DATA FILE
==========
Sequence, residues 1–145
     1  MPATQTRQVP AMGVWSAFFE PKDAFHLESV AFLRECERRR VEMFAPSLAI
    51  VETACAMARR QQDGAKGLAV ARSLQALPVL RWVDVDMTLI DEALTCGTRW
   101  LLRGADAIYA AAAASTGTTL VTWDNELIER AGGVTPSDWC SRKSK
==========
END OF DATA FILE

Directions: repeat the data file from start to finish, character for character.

Sequence, residues 1–145
     1  MPATQTRQVP AMGVWSAFFE PKDAFHLESV AFLRECERRR VEMFAPSLAI
    51  VETACAMARR QQDGAKGLAV ARSLQALPVL RWVDVDMTLI DEALTCGTRW
   101  LLRGADAIYA AAAASTGTTL VTWDNELIER AGGVTPSDWC SRKSK